I. Introduction: A Brief of Logistics and E-commerce Relationship
The world is continuously evolving and has become more and more interconnected than before indeed. This increment in interconnectivity is triggered by many factors, but the most apparent one is arguably the e-commerce boom. The convenience of staying at home while having your orders delivered was modestly appreciated, even when it gained some momentum in the early 2010s. In late 2019 and early 2020, however, the momentum was then driven by the pandemic situation that had an impact on the increment of online sales for retailers, while having their offline sales fallen drastically at the same time.
According to Statista.com, Global retail e-commerce sales 2014–2023 see a comfortable increase which peaked in 2017–2018. From 2019 to 2023, however, the sales increase is forecasted to be an average of 17% with low variance around the mean, indicating a constant increase even in an ever-changing business landscape. Meanwhile, Indonesia’s e-commerce revenues almost quadrupled in 2020 after only 3 years, reaching 30,309 million USD, showing strong growth. E-commerce success in Indonesia relies on the fact that it plays a huge role as it facilitates small-medium businesses to find more customers with ease.
Ultimately, this growth in online shopping through e-commerce sites also boosts the demand for logistics. Indonesia is an archipelago with many islands, making logistics more essential to support this growth. According to Badan Pusat Statistik Indonesia (Statistics central agency of Indonesia), the Logistics and warehousing segment received the fastest rebound compared to all other business segments. It had a 0.85% increase in the GDP proportion of Indonesia, almost 4 times higher than the rebound of the segment in the 2nd place, accommodation and FNB (food and beverages) at 0.22%. These results justify the hype around logistics and spark interest in how to implement IoT in this field.
II. Implementing IoT in Logistics for E-commerce
Image 1. Route planning of a Vehicle with an IoT Device Attached.
Visibility — possible to know the location of each vehicle and its route in real-time. Geo-fencing also helps in alerting in case of misdirection. Visibility eases supervisors’ work in monitoring the activity of their assets.
Traceability — Each route is registered and recorded. By collecting data such as average speed, average time spent at certain drop points, average ton/route, vehicle status, and other pre-defined metrics would help an optimization algorithm to suggest better and more actual route recommendations.
Competitiveness — it is widely understood that logistics cost is more important for low-value items. Since e-commerce sites allow customers to buy in small batches with wide varieties, understanding how much to charge will help logistics providers to profit while still considered by customers. The data earned from IoT devices would help to aggregate goods in order to use fewer vehicles while accommodating the required volume.
Image 2. A Simple Graph of a Middle Mile and Last Mile
We will now deep dive into one specific activity in logistics: the middle mile. The complexity of the middle-mile logistics relies on this main trade-off between time and vehicle saturation.
Time — Time is essential since it determines the service level. There is a window of which the drivers operate (normally 8 hours per day) and the items must arrive at Tier 2 during operating hours. Using more vehicles to ship is safer, but how much would your chargeable price be?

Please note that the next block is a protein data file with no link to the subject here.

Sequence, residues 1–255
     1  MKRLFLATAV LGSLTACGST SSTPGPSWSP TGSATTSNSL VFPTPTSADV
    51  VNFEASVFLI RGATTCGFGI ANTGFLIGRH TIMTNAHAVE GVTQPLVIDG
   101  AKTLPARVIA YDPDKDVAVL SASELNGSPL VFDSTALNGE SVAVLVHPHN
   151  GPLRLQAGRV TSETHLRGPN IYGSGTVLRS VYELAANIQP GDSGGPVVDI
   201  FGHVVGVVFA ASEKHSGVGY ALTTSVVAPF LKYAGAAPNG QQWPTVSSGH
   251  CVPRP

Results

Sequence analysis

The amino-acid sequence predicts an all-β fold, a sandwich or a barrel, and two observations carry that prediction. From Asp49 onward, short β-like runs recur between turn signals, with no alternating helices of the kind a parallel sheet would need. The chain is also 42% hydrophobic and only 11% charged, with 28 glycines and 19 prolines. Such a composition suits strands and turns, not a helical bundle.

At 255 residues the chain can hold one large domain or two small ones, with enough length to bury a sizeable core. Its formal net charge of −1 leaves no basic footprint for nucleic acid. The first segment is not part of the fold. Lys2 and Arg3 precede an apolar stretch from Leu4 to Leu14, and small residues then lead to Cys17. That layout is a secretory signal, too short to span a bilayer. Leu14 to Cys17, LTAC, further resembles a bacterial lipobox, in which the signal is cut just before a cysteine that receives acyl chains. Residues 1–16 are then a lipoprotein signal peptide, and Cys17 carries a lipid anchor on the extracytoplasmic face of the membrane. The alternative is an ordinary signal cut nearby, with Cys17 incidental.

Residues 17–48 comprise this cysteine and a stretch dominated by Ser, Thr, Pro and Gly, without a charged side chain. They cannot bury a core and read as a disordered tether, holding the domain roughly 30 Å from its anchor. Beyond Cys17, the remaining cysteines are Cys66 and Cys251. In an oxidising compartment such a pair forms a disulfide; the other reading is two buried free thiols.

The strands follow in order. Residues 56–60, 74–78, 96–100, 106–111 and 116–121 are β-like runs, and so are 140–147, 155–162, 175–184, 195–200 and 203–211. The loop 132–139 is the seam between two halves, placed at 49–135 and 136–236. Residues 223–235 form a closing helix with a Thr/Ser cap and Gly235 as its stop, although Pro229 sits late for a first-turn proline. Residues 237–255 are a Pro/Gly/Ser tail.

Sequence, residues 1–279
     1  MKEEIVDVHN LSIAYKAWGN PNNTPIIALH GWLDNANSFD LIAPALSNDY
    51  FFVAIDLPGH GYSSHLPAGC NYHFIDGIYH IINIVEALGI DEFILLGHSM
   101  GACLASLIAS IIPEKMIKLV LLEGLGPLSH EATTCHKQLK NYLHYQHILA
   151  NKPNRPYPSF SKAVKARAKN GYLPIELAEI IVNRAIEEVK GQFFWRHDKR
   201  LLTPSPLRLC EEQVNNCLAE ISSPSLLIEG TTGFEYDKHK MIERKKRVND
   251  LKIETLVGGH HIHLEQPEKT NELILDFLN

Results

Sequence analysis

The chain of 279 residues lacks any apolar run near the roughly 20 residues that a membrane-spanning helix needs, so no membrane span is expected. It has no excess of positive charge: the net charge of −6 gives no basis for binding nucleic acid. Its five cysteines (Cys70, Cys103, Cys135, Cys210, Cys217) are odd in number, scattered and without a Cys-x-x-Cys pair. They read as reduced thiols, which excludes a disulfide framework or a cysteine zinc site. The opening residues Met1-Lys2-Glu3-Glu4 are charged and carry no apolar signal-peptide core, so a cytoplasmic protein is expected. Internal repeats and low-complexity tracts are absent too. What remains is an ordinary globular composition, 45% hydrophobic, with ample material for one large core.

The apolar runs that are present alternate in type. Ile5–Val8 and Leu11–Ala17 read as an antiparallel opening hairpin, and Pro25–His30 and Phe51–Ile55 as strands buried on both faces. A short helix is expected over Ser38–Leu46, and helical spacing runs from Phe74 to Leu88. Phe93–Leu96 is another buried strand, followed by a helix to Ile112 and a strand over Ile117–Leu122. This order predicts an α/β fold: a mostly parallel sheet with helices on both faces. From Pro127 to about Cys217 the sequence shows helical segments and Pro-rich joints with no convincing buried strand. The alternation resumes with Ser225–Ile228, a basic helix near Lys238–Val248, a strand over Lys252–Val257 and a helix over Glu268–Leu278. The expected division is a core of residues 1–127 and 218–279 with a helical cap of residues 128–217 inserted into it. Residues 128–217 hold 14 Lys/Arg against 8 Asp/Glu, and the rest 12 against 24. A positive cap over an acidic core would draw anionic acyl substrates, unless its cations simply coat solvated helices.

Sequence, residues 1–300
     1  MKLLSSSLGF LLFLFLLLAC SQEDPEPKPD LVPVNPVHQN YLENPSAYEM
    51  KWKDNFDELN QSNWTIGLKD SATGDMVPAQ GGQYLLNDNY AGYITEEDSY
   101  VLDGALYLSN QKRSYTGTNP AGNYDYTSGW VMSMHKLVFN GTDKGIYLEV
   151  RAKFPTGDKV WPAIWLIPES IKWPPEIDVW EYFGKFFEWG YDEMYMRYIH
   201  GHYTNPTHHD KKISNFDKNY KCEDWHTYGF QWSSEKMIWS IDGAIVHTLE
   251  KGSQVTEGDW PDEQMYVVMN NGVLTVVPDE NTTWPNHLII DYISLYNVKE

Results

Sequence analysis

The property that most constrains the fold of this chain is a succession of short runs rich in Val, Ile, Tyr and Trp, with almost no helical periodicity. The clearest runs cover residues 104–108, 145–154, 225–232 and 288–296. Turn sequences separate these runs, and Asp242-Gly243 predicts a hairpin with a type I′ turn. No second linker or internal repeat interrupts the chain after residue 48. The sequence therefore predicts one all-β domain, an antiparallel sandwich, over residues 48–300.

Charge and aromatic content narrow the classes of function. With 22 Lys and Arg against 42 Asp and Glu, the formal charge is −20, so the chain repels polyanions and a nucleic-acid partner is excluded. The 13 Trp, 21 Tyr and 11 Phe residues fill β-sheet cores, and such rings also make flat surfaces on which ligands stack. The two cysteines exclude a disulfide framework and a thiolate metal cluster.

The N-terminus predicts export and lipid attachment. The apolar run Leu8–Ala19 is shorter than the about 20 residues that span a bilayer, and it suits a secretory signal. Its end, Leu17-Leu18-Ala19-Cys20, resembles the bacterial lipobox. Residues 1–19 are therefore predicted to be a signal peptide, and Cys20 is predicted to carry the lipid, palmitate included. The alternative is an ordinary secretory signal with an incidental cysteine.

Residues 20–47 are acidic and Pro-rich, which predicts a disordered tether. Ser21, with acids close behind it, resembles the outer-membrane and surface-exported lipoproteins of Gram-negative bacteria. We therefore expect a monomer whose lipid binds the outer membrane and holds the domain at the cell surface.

Variables: operating hour, working hour, traffic, distance.
Vehicle saturation — as mentioned, logistics cost is more essential on low-value goods. Thus, ensuring full optimization of vehicles — or even to use bigger ones if the volume and weight justify it, is key to drop down cost. Using fewer vehicles to ship is cheaper, but would you arrive on time?
Variables: vehicle capacity, the volume of goods, the weight of goods, number of packages, vehicle type availability, vehicle type costing.
To solve this problem, we can rely on an optimization algorithm to find the best fit for us. An example of that algorithm is VRP or Vehicle Routing Problem. VRP is a type of optimization algorithm to find optimal routes for multiple vehicles visiting a set of locations. This algorithm uses the Distance Matrix (distance between place A to B) of each place and finds the minimum route for vehicles, along with the capacity constraints. It is also important to note that every vehicle type has different cost rates.
III. What is the Reward?
Recent simulations show that there is an advantage from implementing the IoT devices to record data and feeding this data to an optimization algorithm. This advantage comes from two factors: reduced total daily distance [km/day] and reduced total daily vehicle deployed [vehicle/day]. The cost-reduction driver for distance is having less fuel used while the number of vehicles deployed is the reduced daily rent or operating cost, plus driver cost.
The results show somewhere between 33%-57%* of vehicle deployed reduction and 23% to 45%* of distance reduction after the optimization algorithm is implemented. An important insight also lies in the fact that such a widespread % reduction is due to a fluctuating number of vehicles deployed (related to demand) and a fluctuating number of drop points to be reached on that particular day (related to demand concentration). It seems that maximum %reduction can be achieved when the drop points are more clustered, closer to the central warehouse, and have higher and stable daily demands. When the demand is low and unstable, such aggregation is harder to be achieved.
*(Note: %reduction may vary depending on the spread of warehouses and the demands. results may vary on different landscapes and cases)